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Given two independent variables $X$ and $Y$, with marginal pdfs $f_X(x)=2x, 0 \le x \le 1$ and $f_Y(y)=1, 0 \le y \le 1$, calculate $P(\frac{Y}{X} > 2)$. So this can be written as $P(Y>2X)$,

and can be solved by solving the following integral: $\int_0^1 \int_0^{y/2}f_X(x)f_Y(y)dxdy$

However when switching the $dx$ and $dy$ it seems to me that this could also be solved this way: $\int_0^1 \int_{2x}^{1}f_X(x)f_Y(y)dydx$

But solving the integral, this doesn't give the right answer. Why not? Aren't they both defining the same area?

Thank you so much!


marked as duplicate by whuber self-study Mar 22 at 21:10

This question has been asked before and already has an answer. If those answers do not fully address your question, please ask a new question.

  • $\begingroup$ The duplicate is the same question with slightly different limits involved. See the first comment to it as well. $\endgroup$ – whuber Mar 22 at 21:11
  • $\begingroup$ Sorry about that! It seems like I'm having the same kind of questions! $\endgroup$ – Sarina Mar 22 at 21:36
  • $\begingroup$ It looks like the advice I provided to another poster at stats.stackexchange.com/questions/398993/… might help you out too: when you find you're asking the same questions about the same fundamental concept or technique, you're probably best off consulting a good textbook, because you need to cope with issues that go deeper than a mere difficulty solving one or two problems. $\endgroup$ – whuber Mar 23 at 13:51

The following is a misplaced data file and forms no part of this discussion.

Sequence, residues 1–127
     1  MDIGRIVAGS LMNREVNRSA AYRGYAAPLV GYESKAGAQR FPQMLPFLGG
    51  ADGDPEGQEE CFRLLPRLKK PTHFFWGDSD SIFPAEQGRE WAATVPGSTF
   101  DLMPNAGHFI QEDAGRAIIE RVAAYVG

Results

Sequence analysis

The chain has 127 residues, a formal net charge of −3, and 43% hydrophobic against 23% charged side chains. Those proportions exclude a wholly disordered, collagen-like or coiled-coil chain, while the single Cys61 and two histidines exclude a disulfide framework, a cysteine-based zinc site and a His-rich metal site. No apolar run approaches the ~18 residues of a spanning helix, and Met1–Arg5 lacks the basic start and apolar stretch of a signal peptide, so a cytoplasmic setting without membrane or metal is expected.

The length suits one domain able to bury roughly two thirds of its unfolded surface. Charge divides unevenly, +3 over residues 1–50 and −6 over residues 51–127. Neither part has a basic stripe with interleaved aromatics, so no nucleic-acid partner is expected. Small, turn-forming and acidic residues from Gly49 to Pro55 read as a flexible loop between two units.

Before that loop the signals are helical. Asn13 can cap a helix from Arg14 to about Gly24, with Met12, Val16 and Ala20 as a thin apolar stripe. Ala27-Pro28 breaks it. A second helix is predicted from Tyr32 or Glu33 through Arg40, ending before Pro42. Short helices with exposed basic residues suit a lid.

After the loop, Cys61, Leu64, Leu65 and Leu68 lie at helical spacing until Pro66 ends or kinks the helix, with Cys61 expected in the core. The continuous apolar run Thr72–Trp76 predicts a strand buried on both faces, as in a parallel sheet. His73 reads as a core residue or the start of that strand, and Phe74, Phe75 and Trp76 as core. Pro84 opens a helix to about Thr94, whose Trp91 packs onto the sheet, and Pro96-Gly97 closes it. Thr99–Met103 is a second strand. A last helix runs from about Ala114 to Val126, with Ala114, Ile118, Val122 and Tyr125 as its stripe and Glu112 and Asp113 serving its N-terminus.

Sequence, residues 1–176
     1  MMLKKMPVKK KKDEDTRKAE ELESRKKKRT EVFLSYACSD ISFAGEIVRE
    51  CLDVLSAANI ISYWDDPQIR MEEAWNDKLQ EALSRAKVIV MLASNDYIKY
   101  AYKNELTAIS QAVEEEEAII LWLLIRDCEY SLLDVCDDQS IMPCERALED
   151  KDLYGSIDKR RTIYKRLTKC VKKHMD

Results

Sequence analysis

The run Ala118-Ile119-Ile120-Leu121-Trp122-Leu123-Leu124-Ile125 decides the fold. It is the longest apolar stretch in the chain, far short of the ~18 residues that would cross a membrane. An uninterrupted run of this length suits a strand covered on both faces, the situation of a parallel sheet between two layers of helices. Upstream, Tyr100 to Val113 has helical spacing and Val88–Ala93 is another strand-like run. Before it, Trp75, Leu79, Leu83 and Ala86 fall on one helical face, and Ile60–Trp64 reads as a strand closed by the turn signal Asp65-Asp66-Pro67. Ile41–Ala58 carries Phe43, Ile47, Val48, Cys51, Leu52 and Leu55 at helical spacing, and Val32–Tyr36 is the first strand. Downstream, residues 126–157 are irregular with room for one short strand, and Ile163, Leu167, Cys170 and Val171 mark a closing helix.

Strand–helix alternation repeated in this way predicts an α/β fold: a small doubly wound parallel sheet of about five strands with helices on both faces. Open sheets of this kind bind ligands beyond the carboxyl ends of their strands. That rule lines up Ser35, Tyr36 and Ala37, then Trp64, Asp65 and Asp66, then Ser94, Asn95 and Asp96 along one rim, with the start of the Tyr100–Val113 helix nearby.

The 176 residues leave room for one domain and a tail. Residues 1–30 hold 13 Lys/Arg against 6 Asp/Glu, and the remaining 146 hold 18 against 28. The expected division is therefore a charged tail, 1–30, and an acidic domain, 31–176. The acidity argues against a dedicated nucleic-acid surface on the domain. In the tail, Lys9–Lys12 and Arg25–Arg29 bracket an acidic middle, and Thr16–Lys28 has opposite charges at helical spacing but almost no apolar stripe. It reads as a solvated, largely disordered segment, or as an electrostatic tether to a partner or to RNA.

• $\begingroup$ Thank you! I've just read my textbook so many times over and still having trouble with a certain aspect of it obviously! I'll try looking at some other resources. Thanks! $\endgroup$ – Sarina Mar 24 at 21:54

If you draw the region of integration, you’ll see that it’s bounded by the lines $y=2x, y=1, x=0$. These intersect at $(0,0),(0,1),(1/2,1)$. So, $x$ is not bigger than $1/2$. Intuitively, if $x>1/2$, how can $y$ be bigger than $2x$, while it is also smaller than $1$? Thus, your first integral has limits $0\rightarrow 1/2$.

  • $\begingroup$ Wow! Thank you so much! Do you think the best way to figure this out is to draw it out? It seems like that's the only way, right? $\endgroup$ – Sarina Mar 22 at 20:32
  • $\begingroup$ It’s not the only way, but I think it is the best way :) $\endgroup$ – gunes Mar 22 at 20:34

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